Friday, September 24, 2010

Expressing our Emotions

Yesterday, I had an acupuncture appointment with a young woman whom I have known for nearly twenty years. In the time I have known her, I have come to know her brother and parents as well, although it is her mother to whom I am the closest.

This young woman and her family are people I consider very important in my life and I care deeply for them. During my appointment, we conversed about many things while the needles were in. Eventually, we began to discuss the value of emotion in Healing; not only the emotions of the Healer, but of the recipient of the Healing as well.

Something about that conversation opened a part of me that I felt had to be discussed, and I mentioned how difficult it seems to be in our society to verbally express affection without being misunderstood. There are less than five women aside from my mother and partner to whom I can say “I love you” without fear that they will think I am being too bold or worse, trying to be sexually forward. And in North America, for a man to say that to another man would elicit great homophobic outcries, although there are a couple that I express these emotions to since they are amazingly good friends and understand that my words express my gratitude for their friendship.

My friend and I as Healers, -- she as an acupuncturist, a Reiki Practitioner, and other modalities I don’t remember, and I as a Reiki Master -- both know the value of Love when it comes to Healing. Many of the “New Age” (ancient wisdom) modalities are based on imbuing the client with a sense of being loved, unconditionally. It is this feeling of Love that gives the client a sense of well-being and inner Peace from which to allow the Healing to grow. So often that Love is not articulated verbally rather than implicitly sensed by the client, yet what is so wrong with saying it? All the great religions of the world teach Love and Compassion as the most important principles, and yet we are so reluctant to speak of love to any but the most intimate of our friends, and even in saying that I am reluctant to let it go to print because of the word “intimate.” Why would I be reluctant to use that word? Because I don’t want to give the impression of physical intimacy when the intimacy of which I speak is emotional.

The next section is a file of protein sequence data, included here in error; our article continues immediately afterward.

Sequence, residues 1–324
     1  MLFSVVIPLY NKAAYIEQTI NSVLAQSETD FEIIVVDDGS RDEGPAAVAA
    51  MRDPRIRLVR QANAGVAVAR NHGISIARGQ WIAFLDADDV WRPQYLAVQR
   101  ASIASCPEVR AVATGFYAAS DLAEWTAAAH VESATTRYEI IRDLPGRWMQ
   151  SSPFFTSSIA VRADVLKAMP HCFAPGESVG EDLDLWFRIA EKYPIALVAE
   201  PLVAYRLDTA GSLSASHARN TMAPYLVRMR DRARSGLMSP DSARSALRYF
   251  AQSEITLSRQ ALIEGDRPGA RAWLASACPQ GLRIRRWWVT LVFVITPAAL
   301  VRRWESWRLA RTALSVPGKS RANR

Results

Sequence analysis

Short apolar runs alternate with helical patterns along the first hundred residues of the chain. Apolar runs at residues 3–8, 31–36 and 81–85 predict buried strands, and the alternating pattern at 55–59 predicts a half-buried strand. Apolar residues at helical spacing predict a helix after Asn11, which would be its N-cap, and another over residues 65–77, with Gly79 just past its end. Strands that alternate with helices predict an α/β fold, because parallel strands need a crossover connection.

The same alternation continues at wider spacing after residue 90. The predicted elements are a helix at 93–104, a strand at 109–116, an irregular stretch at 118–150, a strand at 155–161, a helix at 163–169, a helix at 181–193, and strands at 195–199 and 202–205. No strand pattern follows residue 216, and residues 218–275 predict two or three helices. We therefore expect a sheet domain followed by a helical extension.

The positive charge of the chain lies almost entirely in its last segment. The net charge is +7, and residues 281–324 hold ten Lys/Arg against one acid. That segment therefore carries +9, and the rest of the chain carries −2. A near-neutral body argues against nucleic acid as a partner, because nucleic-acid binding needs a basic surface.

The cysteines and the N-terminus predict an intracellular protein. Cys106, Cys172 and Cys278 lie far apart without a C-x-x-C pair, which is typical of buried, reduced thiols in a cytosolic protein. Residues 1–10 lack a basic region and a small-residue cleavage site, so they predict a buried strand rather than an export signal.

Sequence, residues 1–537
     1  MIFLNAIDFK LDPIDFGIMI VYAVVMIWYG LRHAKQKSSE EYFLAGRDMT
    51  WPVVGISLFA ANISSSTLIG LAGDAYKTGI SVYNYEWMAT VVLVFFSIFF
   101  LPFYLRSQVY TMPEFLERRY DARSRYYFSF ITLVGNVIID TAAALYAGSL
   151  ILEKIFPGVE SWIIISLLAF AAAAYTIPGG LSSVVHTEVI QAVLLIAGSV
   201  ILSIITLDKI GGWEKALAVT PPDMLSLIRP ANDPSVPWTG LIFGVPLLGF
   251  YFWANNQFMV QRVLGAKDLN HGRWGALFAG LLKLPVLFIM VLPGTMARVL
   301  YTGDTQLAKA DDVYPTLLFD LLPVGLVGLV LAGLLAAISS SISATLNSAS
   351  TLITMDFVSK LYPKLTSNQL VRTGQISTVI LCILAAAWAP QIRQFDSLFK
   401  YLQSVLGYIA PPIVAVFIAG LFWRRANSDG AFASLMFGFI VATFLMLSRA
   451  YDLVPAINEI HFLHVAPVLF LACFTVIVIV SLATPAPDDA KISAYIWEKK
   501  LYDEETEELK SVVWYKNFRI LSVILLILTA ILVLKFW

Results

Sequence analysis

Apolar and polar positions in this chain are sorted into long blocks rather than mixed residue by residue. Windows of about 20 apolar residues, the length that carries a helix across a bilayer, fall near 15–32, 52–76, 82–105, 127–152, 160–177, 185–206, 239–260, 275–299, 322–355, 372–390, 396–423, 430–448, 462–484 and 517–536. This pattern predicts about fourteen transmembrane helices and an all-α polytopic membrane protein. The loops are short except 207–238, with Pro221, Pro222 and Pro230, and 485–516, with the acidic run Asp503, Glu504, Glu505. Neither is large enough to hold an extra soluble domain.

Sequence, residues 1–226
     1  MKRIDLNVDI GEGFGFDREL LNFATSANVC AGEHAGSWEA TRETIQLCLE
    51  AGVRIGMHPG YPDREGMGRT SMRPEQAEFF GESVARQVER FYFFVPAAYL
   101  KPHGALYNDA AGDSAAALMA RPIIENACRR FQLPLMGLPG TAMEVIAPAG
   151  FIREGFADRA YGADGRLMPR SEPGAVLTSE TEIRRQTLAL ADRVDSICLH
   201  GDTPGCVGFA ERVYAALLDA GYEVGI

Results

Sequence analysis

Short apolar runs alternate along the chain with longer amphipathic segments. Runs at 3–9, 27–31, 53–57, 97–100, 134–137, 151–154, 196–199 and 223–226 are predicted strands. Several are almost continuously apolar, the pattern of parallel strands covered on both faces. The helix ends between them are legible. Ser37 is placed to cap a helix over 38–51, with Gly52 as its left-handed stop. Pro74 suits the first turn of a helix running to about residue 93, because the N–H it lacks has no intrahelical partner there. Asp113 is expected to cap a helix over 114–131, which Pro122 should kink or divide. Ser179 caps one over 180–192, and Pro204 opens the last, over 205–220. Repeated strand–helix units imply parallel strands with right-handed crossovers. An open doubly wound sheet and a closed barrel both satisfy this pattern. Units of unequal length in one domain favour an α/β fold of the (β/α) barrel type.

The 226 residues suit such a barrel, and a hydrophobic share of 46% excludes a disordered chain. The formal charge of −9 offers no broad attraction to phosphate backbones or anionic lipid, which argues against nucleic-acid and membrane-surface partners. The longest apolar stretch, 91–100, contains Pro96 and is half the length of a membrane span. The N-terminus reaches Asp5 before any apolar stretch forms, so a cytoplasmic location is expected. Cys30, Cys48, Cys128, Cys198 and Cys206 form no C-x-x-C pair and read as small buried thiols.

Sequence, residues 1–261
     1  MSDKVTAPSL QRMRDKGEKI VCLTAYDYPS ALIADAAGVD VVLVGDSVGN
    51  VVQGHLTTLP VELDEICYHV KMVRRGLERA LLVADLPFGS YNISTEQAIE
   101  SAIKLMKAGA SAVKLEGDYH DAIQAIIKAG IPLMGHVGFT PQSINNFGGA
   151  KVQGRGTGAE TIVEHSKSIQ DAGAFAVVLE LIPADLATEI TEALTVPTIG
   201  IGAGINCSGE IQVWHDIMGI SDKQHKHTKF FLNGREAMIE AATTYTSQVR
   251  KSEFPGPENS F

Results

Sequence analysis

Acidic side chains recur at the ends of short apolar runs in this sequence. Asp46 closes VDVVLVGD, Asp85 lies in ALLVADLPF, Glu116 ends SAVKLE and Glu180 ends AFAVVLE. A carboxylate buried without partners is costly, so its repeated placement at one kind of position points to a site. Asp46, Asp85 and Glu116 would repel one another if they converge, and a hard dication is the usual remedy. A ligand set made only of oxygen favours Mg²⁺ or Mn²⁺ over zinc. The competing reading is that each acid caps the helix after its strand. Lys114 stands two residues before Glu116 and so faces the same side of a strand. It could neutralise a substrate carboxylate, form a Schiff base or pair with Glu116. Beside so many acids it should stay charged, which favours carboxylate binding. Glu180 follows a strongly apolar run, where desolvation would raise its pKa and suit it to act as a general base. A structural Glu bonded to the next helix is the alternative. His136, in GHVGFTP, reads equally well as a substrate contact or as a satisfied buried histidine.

I guess it boils down to language and how it’s used and what certain words have come to mean in our society. Again, I am not too hung up about telling my friends I love them, but only if they can take it in the way I mean it. If it would make them uncomfortable, it doesn’t get said...

Which is a shame.

~Still Wandering...

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